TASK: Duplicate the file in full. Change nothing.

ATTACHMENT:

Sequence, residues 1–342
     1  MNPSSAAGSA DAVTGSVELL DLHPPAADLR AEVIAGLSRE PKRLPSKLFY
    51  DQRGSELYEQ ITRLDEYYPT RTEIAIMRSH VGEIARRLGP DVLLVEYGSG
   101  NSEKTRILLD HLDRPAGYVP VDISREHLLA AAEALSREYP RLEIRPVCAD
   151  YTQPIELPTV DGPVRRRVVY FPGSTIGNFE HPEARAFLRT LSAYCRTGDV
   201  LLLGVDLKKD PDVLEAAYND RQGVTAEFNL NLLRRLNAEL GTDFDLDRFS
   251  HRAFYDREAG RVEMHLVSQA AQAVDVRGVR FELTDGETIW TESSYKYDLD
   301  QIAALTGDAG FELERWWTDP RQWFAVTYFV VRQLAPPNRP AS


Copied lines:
Sequence, residues 1–342
     1  MNPSSAAGSA DAVTGSVELL DLHPPAADLR AEVIAGLSRE PKRLPSKLFY
    51  DQRGSELYEQ ITRLDEYYPT RTEIAIMRSH VGEIARRLGP DVLLVEYGSG
   101  NSEKTRILLD HLDRPAGYVP VDISREHLLA AAEALSREYP RLEIRPVCAD
   151  YTQPIELPTV DGPVRRRVVY FPGSTIGNFE HPEARAFLRT LSAYCRTGDV
   201  LLLGVDLKKD PDVLEAAYND RQGVTAEFNL NLLRRLNAEL GTDFDLDRFS
   251  HRAFYDREAG RVEMHLVSQA AQAVDVRGVR FELTDGETIW TESSYKYDLD
   301  QIAALTGDAG FELERWWTDP RQWFAVTYFV VRQLAPPNRP AS